The Fifth Circuit recently vacated a class action settlement that included unsecured and uncollateralized future payments to the plaintiffs, while providing a swift and complete payout of fees to class counsel. The case concerned a defined benefits pension fund created and owned by the Singing River Health System (SRHS), a community hospital owned by Jackson County, Mississippi. Following the 2008 financial crisis, SRHS encountered financial difficulties, failed to make all but one contribution to the plan, and ultimately froze the plan in 2014. The plaintiffs, a class of pension plan participants, brought suit, and a settlement was ultimately reached. The district court held a fairness hearing and approved the settlement, which required SRHS to pay approximately $150 million into a retirement trust over a 35-year schedule. At the fairness hearing, approximately 250 objectors challenged the settlement, arguing that it was illusory because, among other things, it promised an extraordinarily long-term, unsecured, and unpredictable proposed payout, while at the same time, providing a rapid payment schedule for attorneys’ fees.
Reviewing the settlement approval under an abuse-of-discretion standard, the Fifth Circuit found much of the district court’s determinations sound. However, in analyzing whether the settlement was fair, reasonable, and adequate, the court found that the district court focused too narrowly on SRHS’s proffered payments and not enough on the hospital’s ability to sustain those payments or how the settlement would impact individual beneficiaries. Specifically, the court found inadequate the “very brief treatment of these issues” and acceptance of “boilerplate summations by the hospitals’ CFO […] that SRHS ‘should be able’ to make its scheduled settlement payments….” Overall, the court found that the information provided at the fairness hearing failed to establish that SRHS, still in precarious shape, would be able to handle the escalating annual installment payments required under the settlement. Further, the court took issue with class counsel’s arrangement for a complete payout of fees from SRHS before 2018, therefore alleviating any future risk of nonpayment to counsel. On this point, the court found “disturbing” that “counsel assured themselves a multimillion-dollar bird in hand, while leaving the class members two in the bush[.]” In all, the court determined that the record provided no assurance to the class members that the plan would not run out of money to pay the claims well before 2051. As a result, it vacated the settlement approval and remanded with the aim of providing the class members greater transparency about the settlement’s weaknesses.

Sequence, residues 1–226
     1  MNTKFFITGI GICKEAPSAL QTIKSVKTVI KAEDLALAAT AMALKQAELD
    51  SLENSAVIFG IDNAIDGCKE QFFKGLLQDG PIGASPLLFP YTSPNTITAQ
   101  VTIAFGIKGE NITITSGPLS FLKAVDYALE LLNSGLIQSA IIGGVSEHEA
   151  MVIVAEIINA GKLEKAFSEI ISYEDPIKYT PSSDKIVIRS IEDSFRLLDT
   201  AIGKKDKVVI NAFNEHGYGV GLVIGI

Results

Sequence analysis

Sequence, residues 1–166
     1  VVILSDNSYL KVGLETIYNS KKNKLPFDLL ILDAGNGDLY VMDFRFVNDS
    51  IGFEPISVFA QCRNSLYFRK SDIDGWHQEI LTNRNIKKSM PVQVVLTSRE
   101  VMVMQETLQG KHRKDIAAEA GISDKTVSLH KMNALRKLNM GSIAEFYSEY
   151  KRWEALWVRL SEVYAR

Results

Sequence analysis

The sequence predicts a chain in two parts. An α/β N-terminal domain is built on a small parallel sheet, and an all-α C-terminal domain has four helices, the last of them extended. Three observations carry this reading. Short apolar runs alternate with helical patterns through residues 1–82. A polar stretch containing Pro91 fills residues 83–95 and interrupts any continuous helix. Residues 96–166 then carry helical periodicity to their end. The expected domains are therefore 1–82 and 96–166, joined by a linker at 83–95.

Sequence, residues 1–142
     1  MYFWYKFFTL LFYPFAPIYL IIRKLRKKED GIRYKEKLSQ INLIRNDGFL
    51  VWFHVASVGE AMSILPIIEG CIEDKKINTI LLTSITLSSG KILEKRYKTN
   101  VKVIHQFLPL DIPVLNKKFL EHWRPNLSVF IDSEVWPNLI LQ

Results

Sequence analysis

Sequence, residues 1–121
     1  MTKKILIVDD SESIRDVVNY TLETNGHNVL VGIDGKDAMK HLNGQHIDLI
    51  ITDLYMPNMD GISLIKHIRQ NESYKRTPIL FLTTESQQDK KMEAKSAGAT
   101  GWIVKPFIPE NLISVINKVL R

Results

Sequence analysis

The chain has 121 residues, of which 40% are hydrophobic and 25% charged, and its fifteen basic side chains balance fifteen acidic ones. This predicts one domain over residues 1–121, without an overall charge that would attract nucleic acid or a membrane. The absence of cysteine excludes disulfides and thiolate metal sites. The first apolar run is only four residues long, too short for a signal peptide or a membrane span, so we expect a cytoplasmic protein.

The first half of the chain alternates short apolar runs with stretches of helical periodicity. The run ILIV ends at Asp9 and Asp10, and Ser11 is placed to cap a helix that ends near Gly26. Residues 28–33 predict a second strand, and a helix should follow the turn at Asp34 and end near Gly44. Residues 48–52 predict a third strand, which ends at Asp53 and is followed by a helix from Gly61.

Jones v. Singing River Health Servs. Found., No. 16-60550 (5th Cir. July 27, 2017).